What Is Virtualization?
The creation of a virtual – rather than an actual – version of something, such as an operating system (OS), a server, a storage device, or network resources, is known as virtualization.
To create a virtual system, virtualization employs software that simulates hardware functionality. This practice enables IT organizations to run multiple operating systems, multiple virtual systems, and a variety of applications on a single server. Greater efficiencies and economies of scale are among the advantages of virtualization.
The use of software to allow a piece of hardware to run multiple operating system images at the same time is known as OS virtualization. Developed on mainframes decades ago, the technology allows administrators to avoid wasting expensive processing power.
Virtualization Security Risks
1. VM Sprawl‘
The uncontrolled spread of virtual machines created for specific workloads and then abandoned after serving their purpose is referred to as virtual machine sprawl. Because VMs with sensitive information are not actively managed and updated, their unchecked proliferation can lead to their compromise.
2. Malware & Ransomware Attacks
Virtual machines can also be infected with viruses, malware, and ransomware. These attacks can be launched by infected VM images or by users who have not received adequate security training. Without adequate isolation and security controls, an infected VM can spread malware throughout the entire virtual infrastructure.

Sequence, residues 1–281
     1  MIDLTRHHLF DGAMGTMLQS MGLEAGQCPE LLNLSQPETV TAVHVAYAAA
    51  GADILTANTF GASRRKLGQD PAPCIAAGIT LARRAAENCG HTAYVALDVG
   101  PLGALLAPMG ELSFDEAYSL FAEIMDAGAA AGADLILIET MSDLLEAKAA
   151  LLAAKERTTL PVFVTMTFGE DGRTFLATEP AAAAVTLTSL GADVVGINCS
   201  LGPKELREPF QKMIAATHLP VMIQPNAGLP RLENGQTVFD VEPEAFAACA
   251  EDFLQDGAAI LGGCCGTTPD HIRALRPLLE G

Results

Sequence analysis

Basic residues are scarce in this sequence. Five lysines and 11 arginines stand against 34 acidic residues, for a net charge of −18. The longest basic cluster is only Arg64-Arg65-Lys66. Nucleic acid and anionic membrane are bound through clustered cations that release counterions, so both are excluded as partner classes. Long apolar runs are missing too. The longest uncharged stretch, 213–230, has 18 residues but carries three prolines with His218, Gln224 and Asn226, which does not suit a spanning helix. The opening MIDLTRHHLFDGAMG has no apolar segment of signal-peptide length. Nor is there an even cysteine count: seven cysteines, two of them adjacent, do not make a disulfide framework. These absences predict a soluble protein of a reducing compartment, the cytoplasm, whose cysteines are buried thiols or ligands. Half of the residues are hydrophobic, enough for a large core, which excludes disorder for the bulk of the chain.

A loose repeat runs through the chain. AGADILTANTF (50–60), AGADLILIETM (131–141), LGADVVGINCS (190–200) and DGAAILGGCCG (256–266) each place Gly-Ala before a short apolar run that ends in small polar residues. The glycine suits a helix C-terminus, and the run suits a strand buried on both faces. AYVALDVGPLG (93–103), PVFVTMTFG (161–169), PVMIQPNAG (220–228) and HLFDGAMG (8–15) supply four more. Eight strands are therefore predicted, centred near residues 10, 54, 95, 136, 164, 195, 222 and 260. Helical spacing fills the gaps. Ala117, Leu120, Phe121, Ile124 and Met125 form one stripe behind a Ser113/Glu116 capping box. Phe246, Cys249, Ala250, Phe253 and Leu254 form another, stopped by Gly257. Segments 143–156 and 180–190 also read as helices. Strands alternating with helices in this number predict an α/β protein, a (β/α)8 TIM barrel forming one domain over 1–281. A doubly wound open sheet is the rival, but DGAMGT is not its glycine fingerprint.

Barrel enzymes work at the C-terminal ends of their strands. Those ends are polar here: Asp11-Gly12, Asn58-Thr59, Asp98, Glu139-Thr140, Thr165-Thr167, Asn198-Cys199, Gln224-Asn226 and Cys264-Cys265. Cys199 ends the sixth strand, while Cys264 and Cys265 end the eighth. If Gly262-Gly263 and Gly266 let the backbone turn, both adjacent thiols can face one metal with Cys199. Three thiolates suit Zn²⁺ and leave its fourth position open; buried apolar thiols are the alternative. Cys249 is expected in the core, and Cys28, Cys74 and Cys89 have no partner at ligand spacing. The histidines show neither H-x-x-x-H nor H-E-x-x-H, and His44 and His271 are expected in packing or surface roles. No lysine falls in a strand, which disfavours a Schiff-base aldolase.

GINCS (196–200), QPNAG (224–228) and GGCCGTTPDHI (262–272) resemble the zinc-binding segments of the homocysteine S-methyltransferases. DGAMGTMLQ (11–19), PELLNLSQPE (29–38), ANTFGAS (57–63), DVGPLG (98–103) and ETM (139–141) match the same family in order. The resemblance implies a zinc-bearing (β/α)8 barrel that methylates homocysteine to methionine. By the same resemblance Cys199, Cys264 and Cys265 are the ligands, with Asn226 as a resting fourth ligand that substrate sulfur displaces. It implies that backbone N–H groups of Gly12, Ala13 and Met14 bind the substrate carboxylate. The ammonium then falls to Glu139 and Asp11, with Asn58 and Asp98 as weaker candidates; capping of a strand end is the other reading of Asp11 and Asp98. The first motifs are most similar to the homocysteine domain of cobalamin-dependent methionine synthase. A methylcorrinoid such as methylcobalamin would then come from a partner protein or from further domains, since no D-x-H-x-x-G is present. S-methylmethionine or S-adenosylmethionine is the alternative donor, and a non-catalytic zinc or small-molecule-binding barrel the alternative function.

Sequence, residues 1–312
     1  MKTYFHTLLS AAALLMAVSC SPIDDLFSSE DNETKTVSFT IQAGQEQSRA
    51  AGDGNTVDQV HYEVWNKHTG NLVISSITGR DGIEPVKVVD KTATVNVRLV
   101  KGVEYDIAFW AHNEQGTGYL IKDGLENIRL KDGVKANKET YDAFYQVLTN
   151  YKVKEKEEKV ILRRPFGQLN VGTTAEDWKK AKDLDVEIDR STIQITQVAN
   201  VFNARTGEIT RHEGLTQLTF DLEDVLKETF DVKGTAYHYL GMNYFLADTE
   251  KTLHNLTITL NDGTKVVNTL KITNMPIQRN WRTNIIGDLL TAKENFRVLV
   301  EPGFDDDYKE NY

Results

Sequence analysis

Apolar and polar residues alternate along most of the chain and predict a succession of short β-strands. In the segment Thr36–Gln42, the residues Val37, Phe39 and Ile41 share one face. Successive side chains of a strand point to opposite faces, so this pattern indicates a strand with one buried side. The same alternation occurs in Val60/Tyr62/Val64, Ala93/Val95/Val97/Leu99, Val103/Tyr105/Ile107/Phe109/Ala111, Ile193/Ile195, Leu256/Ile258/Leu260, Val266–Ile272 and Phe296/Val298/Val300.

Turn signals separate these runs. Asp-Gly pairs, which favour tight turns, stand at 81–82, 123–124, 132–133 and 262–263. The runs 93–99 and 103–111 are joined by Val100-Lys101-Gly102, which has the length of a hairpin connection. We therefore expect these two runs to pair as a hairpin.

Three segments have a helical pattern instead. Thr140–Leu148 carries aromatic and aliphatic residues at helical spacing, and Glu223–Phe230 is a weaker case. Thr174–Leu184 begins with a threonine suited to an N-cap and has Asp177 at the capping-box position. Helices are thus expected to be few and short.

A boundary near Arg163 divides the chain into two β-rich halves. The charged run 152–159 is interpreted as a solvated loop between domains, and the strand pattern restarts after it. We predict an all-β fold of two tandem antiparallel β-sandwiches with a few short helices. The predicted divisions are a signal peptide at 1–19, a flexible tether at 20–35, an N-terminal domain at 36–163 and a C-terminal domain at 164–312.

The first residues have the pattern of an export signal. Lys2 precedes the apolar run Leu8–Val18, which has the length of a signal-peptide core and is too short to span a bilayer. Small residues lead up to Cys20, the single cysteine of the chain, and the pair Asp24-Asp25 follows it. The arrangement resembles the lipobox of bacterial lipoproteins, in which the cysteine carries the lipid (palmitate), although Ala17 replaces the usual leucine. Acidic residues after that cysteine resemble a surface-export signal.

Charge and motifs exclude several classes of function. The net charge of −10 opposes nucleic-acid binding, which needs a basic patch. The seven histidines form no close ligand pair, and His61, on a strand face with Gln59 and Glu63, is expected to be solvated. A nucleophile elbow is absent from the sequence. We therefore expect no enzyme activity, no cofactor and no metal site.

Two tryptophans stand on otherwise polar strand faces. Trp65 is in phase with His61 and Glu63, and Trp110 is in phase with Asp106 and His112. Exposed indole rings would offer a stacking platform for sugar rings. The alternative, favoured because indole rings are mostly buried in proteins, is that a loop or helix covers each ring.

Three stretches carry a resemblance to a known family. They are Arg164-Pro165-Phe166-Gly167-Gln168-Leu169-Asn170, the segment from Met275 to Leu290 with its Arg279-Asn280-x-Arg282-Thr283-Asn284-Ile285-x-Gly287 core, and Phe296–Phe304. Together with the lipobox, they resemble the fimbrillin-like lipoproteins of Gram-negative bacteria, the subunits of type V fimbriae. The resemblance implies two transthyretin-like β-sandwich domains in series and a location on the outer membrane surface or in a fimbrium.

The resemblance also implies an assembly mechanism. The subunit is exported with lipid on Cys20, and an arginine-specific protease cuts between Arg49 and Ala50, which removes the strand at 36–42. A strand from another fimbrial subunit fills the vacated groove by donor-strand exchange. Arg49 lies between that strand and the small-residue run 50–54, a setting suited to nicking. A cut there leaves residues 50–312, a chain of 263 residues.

3. Network Configuration
Even with a VM management solution like VMware vSphere, managing multiple virtual machines is time-consuming. Making poor configuration decisions, such as allowing file sharing between VMs or leaving unused firewall ports open, may be all it takes for a hacker to gain access to your virtual infrastructure. This misconfiguration can also affect physical servers, which can pose a security risk if they are not updated with the latest security patches and firmware.
4. Access Controls
An attacker who gains access to your virtual infrastructure, whether through physical access to host servers or through a compromised user account on your management platform, can cause significant damage to your systems.
5. Security of Offline Virtual Machines
Offline or offsite backups are critical components of disaster recovery planning. However, any VMs you back up offline retain their security updates and configurations from the last time they were online. Due to the lack of updates, such a VM will pose a security risk to the rest of your virtual environment when it is time to restart.
6. Workloads with Different Trust Levels
Without proper security controls, it is simple to build a test server in a low trust zone on the same physical hardware as a live production server with sensitive data that requires a high trust zone.
7. Hypervisor Security Controls
The hypervisor is the platform that allows virtual machines to run. As a result, without proper security measures to mitigate the risk of attacks, it can become a single point of failure for your entire virtual infrastructure.
8. Cloud Service Provider APIs
Intrusion attempts via APIs from your cloud service providers are a potential risk for organizations that run a hybrid implementation involving public and private cloud infrastructure. These APIs are intended to facilitate communication between your virtual environment and the cloud-hosted environment, and if they are not adequately secured, a data breach may occur.